Feature: 35 Years of Rock City

Since opening its doors in December 1980, Nottingham’s Rock City has played host to bands and acts of all genres, sizes and styles. If you name an influential band from the worlds of rock, indie, pop, metal or punk from the past 30 years, they’ve probably graced the main hall stage at some point. The ‘80s saw U2, The Ramones, Madness, Duran Duran, The Smiths, LL Cool J, Slayer, and Faith No More visit the home of Robin Hood. Later, the early ‘90s saw the grunge explosion arrive in the form of the iconic Nirvana, Pearl Jam and Soundgarden. As for influential ‘90s rock, 1993 saw Rage Against The Machine visit not once but twice in the space of six months. The “Britpop” boom of the mid-1990s was led by Oasis and Blur, both of whom played Rock City in 1994 just as both were about to explode nationwide and beyond.

As the 1990s progressed, so did the list of major names to play Rock City. From David Bowie to Foo Fighters, from The Offspring to Iron Maiden, Green Day to Ozzy Osbourne and Radiohead to Daft Punk, the decade saw Rock City solidify its place as one of the UK’s top music venues. It continued into the new millennium as the likes of Slipknot, Queens of the Stone Age, Muse and Biffy Clyro stopped by as they made their way to becoming festival headliners.

With the world-renowned venue celebrating its 35th birthday this, several members of the Already Heard team have shared their memories of Rock City.

What are your memories of Rock City? Let us know in the comments.

Sean Reid (Already Heard Founder/Senior Editor)
Growing up in the historic market town of Newark-on-Trent, my visits to Nottingham were few and far between. I was more interested in spending my pocket money on CDs in R & K Records than actually saving money to see bands in the city that’s 25 miles down the road. Nevertheless, Rock City always had an appeal to me. The name alone sounds massive; rock as a genre is big and meaty and when combined with the imagery of a city, you’re left with the impression of something that is truly mighty.

It’s no doubt that Rock City has more than played host to its fair share of memorable nights. However, for me, my first taste of the venue isn’t a good one. In April 2006, I went to see The Ataris. However unfortunately for me, this was at a time that frontman Kris Roe decided to take the band in a more mellow, experimental direction. It’s left a bad lasting impression of The Ataris ever since. Thankfully, my second visit quickly followed and was a far better experience. Taking Back Sunday were riding the wave of the recently released ‘Louder Now’, and delivered a stellar set that covered all three albums to that point.

In the years that have followed, I’ve been to Rock City dozens of times, but it’s not just the gigs that have made it such a beloved place for me. I’ve made a few hazy memories with my friends, courtesy of Saturday’s Hey! Hey! Hey! club night. The main hall pulls floor-fillers from all genres; rock, indie, dubstep and pop punk, and brings everyone together for one big party. Meanwhile, the adjacent basement and Black Cherry Lounge rooms allows people to get their fix of metal/hardcore and cheesy pop respectively. If you’re ever stuck for a Saturday night out in Nottingham, then I can’t recommend Rock City enough.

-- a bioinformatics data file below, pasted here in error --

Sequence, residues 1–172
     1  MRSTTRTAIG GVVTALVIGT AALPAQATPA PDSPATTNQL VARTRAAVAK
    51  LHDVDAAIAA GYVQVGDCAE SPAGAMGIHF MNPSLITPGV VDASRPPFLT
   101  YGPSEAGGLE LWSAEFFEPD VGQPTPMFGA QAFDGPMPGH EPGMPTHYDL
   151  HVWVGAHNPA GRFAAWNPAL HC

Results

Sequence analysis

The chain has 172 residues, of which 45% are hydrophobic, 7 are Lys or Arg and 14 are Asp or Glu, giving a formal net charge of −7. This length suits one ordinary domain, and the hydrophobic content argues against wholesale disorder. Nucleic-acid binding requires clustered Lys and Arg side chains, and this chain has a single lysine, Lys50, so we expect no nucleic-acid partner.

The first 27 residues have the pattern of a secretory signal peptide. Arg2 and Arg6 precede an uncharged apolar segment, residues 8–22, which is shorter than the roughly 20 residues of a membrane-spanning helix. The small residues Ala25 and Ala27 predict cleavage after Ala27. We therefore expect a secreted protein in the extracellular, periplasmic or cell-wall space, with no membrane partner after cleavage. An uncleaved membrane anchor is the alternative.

Furthermore, the annual Hit The Deck and Dot 2 Dot Festivals support the venue’s tendency to back new music. I’ve attended the former every single year and witnessed something new and memorable each time. The likes of Crossfaith, Heck (then known as Baby Godzilla), The Front Bottoms, Gnarwolves, Black Peaks and Brawlers spring to mind.

Like a lot of music venues, Rock City has a habit of bringing people together for one brief moment. The layout of the main hall allows all in attendance to get a good view of whoever is playing on the decent-sized stage. Some bands push the setting to its limit with their production, whilst some take a more grounded, stripped back approach. In recent years, I’ve witnessed outstanding shows from Jimmy Eat World, A Day To Remember, Frank Turner and Architects, all solidifying their place as some of rock’s current crop of important bands.

Whilst it’s not the most perfect venue, depending where you stand and on the band, the vocals can get lost in the mix. I’ve had indifferent experiences of seeing Brand New at the venue. The first time in 2012 didn’t have that zest compared to when I’ve seen them in other venues. Roll on two years, and they knocked it out of the park as Hit The Deck Festival headliners.

Nevertheless, there is a reason why Rock City is one of the UK’s most well-known music venues. Whilst some venues have unfortunately ceased to be, Rock City has continued to be at the forefront of music in both the UK and overseas. Throughout the years, it has been a vital setting for bands to visit as their status and popularity has risen. It has sensibly expanded beyond its “rock” core, constantly knowing what its audience wants. Now after 35 years, Rock City is a diverse and well-rounded music venue that continues to play host to established and emerging names.

Happy birthday to one of the UK’s premier music venues. Here’s to another 35 years of making memories.

Rob Fearnley